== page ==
Partnership increases safety on Ice Age Trail

A water crossing on the Ice Age Trail in Lincoln County that was in repeated peril of washing out has been replaced with a much more permanent structure. A new bridge was constructed to provide hikers a safe crossing over the spillway at the Grandfather Falls dam off Hwy. 107 in the Newwood area.

The crossing had washed out before, noted Herb Schotz, president of the local Ice Age Trail chapter, and the replacement crossing was in the process of eroding out at the banks.

The total cost of the bridge was approximately $40,000. Mike Wollmer, executive director of the Ice Age Trail Alliance, said the American Reconstruction & Recovery Act provided about half the funding for the bridge. Wisconsin Public Service contributed a $4,000 grant, and a significant donation from Church Mutual Insurance Co. also benefitted the bridge project.

“This was a real nice partnership,” Wollmer said.

Local Ice Age Trail volunteers helped by removing the old bridge and building the approaches to the new one.

The spillway crossing at Grandfather Falls was a safety issue, Wollmer noted.

“We were able to look to our partners and come up with a solution,” he said.

Jamie Nuthals, WPS natural resource manager, said there were some challenges to getting the project finished. He had to work with the federal government as the bridge is on WPS land within the Federal Energy Regulatory Commission controlled boundary of the dam.

“The Ice Age Trail Alliance was excellent in dealing with those aspects,” Nuthals said. “The project fit with state, federal and WPS requirements. This bridge is safer and it gives us a better feeling.”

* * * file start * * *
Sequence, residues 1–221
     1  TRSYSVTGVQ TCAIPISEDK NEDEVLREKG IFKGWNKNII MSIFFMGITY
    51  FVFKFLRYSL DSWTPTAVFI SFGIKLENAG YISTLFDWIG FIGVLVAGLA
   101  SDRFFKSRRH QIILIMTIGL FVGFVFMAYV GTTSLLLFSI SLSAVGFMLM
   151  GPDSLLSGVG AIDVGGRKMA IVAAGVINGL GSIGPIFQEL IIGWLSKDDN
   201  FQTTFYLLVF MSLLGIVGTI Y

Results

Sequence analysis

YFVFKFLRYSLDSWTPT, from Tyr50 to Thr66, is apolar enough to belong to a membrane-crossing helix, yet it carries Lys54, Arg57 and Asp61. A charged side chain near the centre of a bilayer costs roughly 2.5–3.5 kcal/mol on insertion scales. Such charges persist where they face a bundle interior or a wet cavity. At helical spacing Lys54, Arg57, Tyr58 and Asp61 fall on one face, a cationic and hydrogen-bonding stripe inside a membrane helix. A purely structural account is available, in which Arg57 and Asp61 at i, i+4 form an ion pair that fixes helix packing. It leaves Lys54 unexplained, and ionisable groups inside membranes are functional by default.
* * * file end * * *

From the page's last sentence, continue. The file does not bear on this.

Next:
The former crossing was located on the spillway downstream of the concrete channel. When the spillway was opened to control floodwaters or clear debris from the dam, the old crossing was vulnerable to being overrun by water or damaged by floating logs. The new bridge is constructed right over the concrete channel at a height that puts it out of harm’s way.

Rita Weichmann and Tom Algire are the local volunteers responsible for the stretch of trail on which the new bridge is located. They said the new bridge greatly improves safety and access for hikers.

The Ice Age Trail in Wisconsin will ultimately be about 1,200 miles long. It is located on a patchwork of public and private lands from St. Croix Falls in the west to Door County in the east. The Ice Age Trail Alliance has purchased about 43 properties and holds at least as many easements. Some of the longest continuous trail segments are in northcentral Wisconsin, including Lincoln County.

“This whole trail is based on partnerships,” Wollmer said, “For any one entity to do it on their own would be impossible.”

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